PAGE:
Another Limit of Love

I’m into Loving My Enemies

The Bible teaches that we should love our enemies, and therefore I’m opposed to war, which has as an objective killing our enemies. I’m also for doing away with the criminal justice system since that is not very loving either.

Some might argue that this system is loving in that jail time reforms some criminals. However, most it does not, the recidivism rate going through the roof. Besides, prison is not designed primarily for reform but for punishment, which is not an expression of agape love toward my enemy, the criminal. Since the Bible teaches we should love our enemies, the justice system should be replaced by a counseling program or some other mechanism designed exclusively to convey love to the criminal.

Meanwhile, Back in the Real World

Wouldn’t it be wonderful to live in this world of loving enemies?

Well, if we initiated the program at the outset of World War II, this program would not have been such a great place for the Jews. After finishing their extermination in Europe, Hitler would have come after those in Britain, America, and elsewhere. Of course, he didn’t like other people groups either, some researchers concluding that in addition to 6 million Jews he also exterminated 11 million others.

By some accounts Stalin made Hitler look like a nice guy, wiping out 40 million, with Chairman Mao outdoing them both by exterminating 60 million human beings.

This tells us that the world is not an especially friendly place, and therefore failure to control aggressors with force might constitute a display of love to them, but would be quite unloving to their victims.

Likewise, do away with the criminal justice system and innocent people will suffer at the hands of thugs.

Mutually Exclusive Love

Therefore, loving enemies such as tyrants and criminals results in the suffering of innocent people. Consequently, we can’t show love to both. We are forced to choose which we will love. It is evident that we should protect the innocent even if it means not administering agape love to tyrants and criminals.

Scripture deals with this issue in Romans 13:4 where Paul teaches regarding rulers, “For he is God’s minister to you for good. But if you do evil, be afraid; for he does not bear the sword in vain; for he is God’s minister, an avenger to execute wrath on him who practices evil.” The sword is not an instrument of love, at least not for those who are its victims. However, it is an instrument of love when used to protect innocent people.

When Should We Use the Sword?

Today, Christians in Nigeria are being decimated by Boko Haram, a jihadist group bent on exterminating them and taking over the country. This raises the question of whether the Nigerian Christians should convey love toward this enemy or protect themselves and their families from them.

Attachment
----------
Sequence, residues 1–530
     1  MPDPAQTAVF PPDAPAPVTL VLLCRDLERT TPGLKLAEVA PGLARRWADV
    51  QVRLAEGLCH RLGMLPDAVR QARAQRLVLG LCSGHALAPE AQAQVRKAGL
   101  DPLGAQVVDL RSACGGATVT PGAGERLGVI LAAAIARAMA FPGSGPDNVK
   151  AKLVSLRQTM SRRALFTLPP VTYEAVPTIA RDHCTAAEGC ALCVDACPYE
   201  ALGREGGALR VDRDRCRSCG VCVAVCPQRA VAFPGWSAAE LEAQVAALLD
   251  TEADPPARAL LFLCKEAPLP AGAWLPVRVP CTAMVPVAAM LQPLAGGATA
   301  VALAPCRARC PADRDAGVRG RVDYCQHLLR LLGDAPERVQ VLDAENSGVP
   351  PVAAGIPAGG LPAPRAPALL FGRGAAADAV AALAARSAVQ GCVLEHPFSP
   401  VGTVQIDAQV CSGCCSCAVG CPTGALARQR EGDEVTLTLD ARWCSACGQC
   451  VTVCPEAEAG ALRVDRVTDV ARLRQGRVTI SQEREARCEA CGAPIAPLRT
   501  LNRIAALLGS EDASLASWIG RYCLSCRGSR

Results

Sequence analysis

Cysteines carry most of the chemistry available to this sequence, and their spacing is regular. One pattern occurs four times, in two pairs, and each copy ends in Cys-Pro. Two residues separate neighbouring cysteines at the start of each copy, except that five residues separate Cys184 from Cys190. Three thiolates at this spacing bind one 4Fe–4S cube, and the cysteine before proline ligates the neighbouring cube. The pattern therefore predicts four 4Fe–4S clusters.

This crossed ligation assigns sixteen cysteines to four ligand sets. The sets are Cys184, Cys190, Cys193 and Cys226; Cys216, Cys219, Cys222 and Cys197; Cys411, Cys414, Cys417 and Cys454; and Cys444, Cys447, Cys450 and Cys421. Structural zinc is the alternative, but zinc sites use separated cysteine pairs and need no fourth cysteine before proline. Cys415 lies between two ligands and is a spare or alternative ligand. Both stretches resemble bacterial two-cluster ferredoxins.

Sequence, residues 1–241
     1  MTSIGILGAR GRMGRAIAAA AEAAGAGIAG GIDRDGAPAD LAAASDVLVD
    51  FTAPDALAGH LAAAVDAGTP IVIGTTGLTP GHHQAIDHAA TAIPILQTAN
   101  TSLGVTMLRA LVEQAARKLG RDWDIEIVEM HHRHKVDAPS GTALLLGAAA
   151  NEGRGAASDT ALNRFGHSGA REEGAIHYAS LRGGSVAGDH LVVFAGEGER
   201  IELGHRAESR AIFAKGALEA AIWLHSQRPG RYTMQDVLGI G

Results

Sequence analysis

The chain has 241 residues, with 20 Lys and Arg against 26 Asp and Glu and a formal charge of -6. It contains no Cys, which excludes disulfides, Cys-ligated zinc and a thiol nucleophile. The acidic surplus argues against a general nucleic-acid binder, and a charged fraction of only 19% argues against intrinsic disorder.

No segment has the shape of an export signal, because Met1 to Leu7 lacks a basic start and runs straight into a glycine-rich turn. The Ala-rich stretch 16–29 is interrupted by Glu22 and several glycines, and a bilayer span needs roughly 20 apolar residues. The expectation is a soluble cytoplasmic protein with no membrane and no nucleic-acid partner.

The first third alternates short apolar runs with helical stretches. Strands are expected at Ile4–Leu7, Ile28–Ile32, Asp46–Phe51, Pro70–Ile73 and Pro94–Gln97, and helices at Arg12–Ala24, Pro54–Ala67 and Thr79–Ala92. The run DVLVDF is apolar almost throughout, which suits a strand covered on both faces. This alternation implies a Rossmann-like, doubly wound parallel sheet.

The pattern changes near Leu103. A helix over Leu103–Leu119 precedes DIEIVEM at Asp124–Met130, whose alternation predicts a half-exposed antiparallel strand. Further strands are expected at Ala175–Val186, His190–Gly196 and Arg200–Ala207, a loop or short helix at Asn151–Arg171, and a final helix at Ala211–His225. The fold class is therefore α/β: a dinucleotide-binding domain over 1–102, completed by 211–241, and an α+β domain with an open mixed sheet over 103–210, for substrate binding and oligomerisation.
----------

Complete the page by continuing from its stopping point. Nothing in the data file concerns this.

A similar situation arose decades ago in Sudan where the Muslim north committed genocide against the Christian south killing virtually millions of them. I heard one pastor criticize these Christians for organizing an Army to defend themselves. Were they right in doing so, or is this pastor taking the biblical position in asserting that they should have continued to love their enemy?

Some might argue that if Christians love their enemies God will protect these believers. The illustration above suggests that this is not the case. I recall reading about the Maccabean army while at war with an enemy deciding not to fight on the Sabbath. That particular Saturday about a thousand Maccabean soldiers were killed. After that they fought on the Sabbath. Please don’t misunderstand. I am not suggesting that God is not faithful to His promises and program. I am saying that it is important that we understand the nature of His promises and program, because misunderstanding can lead to disaster.

Now back to Nigeria. Should we advise Nigerian Christians to defend themselves? In answering that question it is important that we do not sugarcoat the situation. We are talking about Nigerian Christians purchasing weapons and ammunition and using them to kill those assaulting them. What would we advise them to be the biblical position?

Making It Personal

In answering, think about what you would do if someone broke into your house in the middle of the night. This criminal might be satisfied just to take some things and leave, but you don’t know that. We hear horror stories about such assailants raping and torturing and murdering. If you kept a gun by your bed, do you think God would have you shoot this invader? We might look for a middle ground such as warning him, but what if that middle-ground disappears and he ignores our warning?

One might answer that Jesus allowed people to kill Him, so we should be willing to do the same. However, what if your children are in the house with you, and therefore they are also at risk? Should you love your enemy at the expense of your children?

Answering “no” in effect is a vote for Nigerian Christians to arm themselves. Certainly if we believe we should protect our children we must conclude that they should protect theirs also.

The Big Question

This discussion may leave the impression that I am asserting that we should not follow the command of Christ to love our enemies. I assure you that this is not the case. However, I believe that the New Testament teaches that at times other commandments take precedence. But when? Certainly at times I should love my enemy. But most of us have come to the conclusion in the discussion above that there are times when other factors trump loving one’s enemy.

On what basis do we decide when to love our enemies and when to do otherwise? This question moves us into a complex but practical and significant area of discussion that I plan to address tomorrow. Because this is such a crucial issue I hope you will join me tomorrow and invite others also.

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